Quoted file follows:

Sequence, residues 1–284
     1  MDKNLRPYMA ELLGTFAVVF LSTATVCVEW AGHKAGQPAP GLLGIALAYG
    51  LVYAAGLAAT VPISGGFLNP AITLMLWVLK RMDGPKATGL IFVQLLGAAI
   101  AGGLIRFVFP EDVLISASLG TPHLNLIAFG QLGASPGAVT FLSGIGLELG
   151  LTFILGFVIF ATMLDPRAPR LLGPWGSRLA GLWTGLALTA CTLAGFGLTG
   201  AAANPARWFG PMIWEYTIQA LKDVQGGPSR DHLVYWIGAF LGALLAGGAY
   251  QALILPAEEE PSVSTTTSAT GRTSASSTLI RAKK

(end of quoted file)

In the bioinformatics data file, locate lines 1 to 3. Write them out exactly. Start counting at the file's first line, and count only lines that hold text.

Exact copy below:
Sequence, residues 1–284
     1  MDKNLRPYMA ELLGTFAVVF LSTATVCVEW AGHKAGQPAP GLLGIALAYG
    51  LVYAAGLAAT VPISGGFLNP AITLMLWVLK RMDGPKATGL IFVQLLGAAI